Organ and tissue loss through disease and injury motivate the development of therapies that can regenerate tissues and decrease reliance on transplantations. Regenerative medicine, an interdisciplinary field that applies engineering and life science principles to promote regeneration, can potentially restore diseased and injured tissues and whole organs. Since the inception of the field several decades ago, a number of regenerative medicine therapies, including those designed for wound healing and orthopedics applications, have received Food and Drug Administration (FDA) approval and are now commercially available. These therapies and other regenerative medicine approaches currently being studied in preclinical and clinical settings will be covered in this review. Specifically, developments in fabricating sophisticated grafts and tissue mimics and technologies for integrating grafts with host vasculature will be discussed. Enhancing the intrinsic regenerative capacity of the host by altering its environment, whether with cell injections or immune modulation, will be addressed, as well as methods for exploiting recently developed cell sources.
Use of Regenerative Medicine
Regenerative medicine has the potential to heal or replace tissues and organs damaged by age, disease, or trauma, as well as to normalize congenital defects. Promising preclinical and clinical data to date support the possibility for treating both chronic diseases and acute insults, and for regenerative medicine to abet maladies occurring across a wide array of organ systems and contexts, including dermal wounds, cardiovascular diseases and traumas, treatments for certain types of cancer, and more. The current therapy of transplantation of intact organs and tissues to treat organ and tissue failures and loss suffers from limited donor supply and often severe immune complications, but these obstacles may potentially be bypassed through the use of regenerative medicine strategies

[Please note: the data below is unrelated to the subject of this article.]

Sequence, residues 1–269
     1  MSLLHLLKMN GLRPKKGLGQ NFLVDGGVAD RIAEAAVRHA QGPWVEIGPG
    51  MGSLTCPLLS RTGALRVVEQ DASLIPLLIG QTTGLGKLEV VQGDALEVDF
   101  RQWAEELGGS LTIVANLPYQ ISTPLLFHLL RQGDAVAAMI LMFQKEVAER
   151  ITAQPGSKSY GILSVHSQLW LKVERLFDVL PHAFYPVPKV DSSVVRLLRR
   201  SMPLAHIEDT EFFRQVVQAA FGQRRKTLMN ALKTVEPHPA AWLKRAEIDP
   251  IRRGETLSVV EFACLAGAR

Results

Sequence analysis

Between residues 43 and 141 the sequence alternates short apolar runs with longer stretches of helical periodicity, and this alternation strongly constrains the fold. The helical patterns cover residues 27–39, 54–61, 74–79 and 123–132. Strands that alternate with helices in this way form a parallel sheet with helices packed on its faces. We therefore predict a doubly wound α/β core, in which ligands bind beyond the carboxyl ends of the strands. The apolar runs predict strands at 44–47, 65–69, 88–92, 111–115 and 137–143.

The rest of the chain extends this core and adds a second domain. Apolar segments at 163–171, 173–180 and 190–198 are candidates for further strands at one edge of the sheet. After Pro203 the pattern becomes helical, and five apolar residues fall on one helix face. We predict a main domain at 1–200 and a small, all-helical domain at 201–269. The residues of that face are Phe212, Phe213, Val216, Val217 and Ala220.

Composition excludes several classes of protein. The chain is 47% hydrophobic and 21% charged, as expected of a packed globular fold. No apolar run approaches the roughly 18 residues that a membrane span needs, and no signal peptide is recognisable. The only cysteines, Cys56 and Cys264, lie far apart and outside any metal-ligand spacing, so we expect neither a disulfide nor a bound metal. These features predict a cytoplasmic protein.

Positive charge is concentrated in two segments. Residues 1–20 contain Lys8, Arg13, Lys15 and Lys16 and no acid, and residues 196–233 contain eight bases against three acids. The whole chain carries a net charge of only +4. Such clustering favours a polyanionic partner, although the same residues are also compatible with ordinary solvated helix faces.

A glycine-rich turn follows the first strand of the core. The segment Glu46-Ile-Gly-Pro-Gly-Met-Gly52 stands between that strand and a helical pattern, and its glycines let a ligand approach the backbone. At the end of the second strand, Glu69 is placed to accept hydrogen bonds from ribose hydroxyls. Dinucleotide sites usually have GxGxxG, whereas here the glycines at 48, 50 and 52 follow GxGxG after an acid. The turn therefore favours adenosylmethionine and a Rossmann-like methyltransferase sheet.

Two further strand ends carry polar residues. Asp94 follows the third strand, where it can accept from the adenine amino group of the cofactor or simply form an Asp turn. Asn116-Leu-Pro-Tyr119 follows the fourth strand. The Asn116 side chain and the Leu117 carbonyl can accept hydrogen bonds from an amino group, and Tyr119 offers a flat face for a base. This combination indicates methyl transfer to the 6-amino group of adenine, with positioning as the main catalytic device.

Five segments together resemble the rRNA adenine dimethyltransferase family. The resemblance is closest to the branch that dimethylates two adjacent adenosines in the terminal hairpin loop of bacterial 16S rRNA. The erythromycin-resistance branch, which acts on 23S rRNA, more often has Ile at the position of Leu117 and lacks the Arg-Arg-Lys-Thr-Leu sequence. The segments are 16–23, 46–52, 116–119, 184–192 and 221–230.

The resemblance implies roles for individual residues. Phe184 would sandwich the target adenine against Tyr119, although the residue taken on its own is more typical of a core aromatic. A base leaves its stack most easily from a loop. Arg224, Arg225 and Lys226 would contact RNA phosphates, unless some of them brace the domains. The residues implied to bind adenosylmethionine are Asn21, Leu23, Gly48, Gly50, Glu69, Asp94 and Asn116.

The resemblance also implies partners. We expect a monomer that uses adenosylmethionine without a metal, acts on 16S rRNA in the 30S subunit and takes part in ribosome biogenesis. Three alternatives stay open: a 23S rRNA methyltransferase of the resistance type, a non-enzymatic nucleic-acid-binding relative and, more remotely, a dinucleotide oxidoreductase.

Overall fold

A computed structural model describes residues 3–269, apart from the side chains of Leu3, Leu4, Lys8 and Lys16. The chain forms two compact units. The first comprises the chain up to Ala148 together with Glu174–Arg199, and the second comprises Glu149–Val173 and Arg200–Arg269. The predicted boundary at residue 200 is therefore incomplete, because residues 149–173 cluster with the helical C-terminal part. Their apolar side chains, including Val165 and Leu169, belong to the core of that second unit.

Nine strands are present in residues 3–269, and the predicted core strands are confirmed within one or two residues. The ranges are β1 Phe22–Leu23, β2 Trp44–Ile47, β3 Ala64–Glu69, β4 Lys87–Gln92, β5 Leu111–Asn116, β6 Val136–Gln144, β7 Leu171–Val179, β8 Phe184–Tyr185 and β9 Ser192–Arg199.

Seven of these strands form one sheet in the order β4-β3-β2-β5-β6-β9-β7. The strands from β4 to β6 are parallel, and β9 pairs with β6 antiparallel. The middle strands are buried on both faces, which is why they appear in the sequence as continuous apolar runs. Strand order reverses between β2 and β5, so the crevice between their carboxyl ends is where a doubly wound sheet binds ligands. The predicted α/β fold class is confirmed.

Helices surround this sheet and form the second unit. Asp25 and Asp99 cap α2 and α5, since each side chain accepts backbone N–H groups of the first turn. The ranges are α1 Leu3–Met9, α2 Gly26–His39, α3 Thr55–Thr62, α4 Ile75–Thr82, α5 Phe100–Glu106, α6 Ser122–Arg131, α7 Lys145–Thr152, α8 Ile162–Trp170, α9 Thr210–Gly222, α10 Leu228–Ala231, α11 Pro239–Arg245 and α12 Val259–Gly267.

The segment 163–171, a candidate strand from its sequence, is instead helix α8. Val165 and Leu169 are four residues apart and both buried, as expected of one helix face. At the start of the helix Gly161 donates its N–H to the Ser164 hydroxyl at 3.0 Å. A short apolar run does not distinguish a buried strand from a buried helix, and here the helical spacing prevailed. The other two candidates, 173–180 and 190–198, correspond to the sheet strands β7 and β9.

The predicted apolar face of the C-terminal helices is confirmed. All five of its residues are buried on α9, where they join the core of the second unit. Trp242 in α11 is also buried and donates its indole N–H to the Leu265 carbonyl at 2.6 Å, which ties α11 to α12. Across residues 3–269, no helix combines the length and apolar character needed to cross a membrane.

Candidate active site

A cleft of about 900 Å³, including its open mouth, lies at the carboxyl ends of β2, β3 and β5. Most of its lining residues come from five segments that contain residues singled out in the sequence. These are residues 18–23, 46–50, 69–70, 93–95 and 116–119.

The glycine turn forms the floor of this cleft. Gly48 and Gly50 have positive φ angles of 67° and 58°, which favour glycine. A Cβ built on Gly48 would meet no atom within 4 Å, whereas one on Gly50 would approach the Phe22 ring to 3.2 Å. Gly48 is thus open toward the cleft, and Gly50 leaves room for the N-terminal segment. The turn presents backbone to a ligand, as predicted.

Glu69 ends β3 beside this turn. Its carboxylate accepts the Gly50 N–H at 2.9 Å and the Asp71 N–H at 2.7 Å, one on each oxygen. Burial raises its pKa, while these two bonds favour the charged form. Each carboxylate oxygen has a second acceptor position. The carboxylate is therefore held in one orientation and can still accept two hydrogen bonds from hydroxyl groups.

The field of regenerative medicine encompasses numerous strategies, including the use of materials and de novo generated cells, as well as various combinations thereof, to take the place of missing tissue, effectively replacing it both structurally and functionally, or to contribute to tissue healing. The body’s innate healing response may also be leveraged to promote regeneration, although adult humans possess limited regenerative capacity in comparison with lower vertebrates.
Therapies in the market
Since tissue engineering and regenerative medicine emerged as an industry about two decades ago, a number of therapies have received Food and Drug Administration (FDA) clearance or approval and are commercially available.
The delivery of therapeutic cells that directly contribute to the structure and function of new tissues is a principle paradigm of regenerative medicine to date.
The cells used in these therapies are either autologous or allogeneic and are typically differentiated cells that still maintain proliferative capacity. For example, Carticel, the first FDA-approved biologic product in the orthopedic field, uses autologous chondrocytes for the treatment of focal articular cartilage defects.